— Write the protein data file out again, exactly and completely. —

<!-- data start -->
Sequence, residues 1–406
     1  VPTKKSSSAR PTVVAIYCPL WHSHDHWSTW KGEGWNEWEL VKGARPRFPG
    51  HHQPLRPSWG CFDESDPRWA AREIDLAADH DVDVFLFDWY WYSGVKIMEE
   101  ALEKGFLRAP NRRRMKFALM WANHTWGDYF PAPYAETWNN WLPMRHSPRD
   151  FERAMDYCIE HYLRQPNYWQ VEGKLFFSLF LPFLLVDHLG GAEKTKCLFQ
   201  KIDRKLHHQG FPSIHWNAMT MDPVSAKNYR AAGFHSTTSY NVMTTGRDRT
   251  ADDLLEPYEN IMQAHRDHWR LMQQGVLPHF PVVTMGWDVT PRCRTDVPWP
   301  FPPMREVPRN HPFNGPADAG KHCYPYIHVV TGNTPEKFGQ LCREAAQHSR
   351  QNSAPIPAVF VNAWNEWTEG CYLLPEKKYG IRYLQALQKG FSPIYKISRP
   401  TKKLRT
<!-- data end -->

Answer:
Sequence, residues 1–406
     1  VPTKKSSSAR PTVVAIYCPL WHSHDHWSTW KGEGWNEWEL VKGARPRFPG
    51  HHQPLRPSWG CFDESDPRWA AREIDLAADH DVDVFLFDWY WYSGVKIMEE
   101  ALEKGFLRAP NRRRMKFALM WANHTWGDYF PAPYAETWNN WLPMRHSPRD
   151  FERAMDYCIE HYLRQPNYWQ VEGKLFFSLF LPFLLVDHLG GAEKTKCLFQ
   201  KIDRKLHHQG FPSIHWNAMT MDPVSAKNYR AAGFHSTTSY NVMTTGRDRT
   251  ADDLLEPYEN IMQAHRDHWR LMQQGVLPHF PVVTMGWDVT PRCRTDVPWP
   301  FPPMREVPRN HPFNGPADAG KHCYPYIHVV TGNTPEKFGQ LCREAAQHSR
   351  QNSAPIPAVF VNAWNEWTEG CYLLPEKKYG IRYLQALQKG FSPIYKISRP
   401  TKKLRT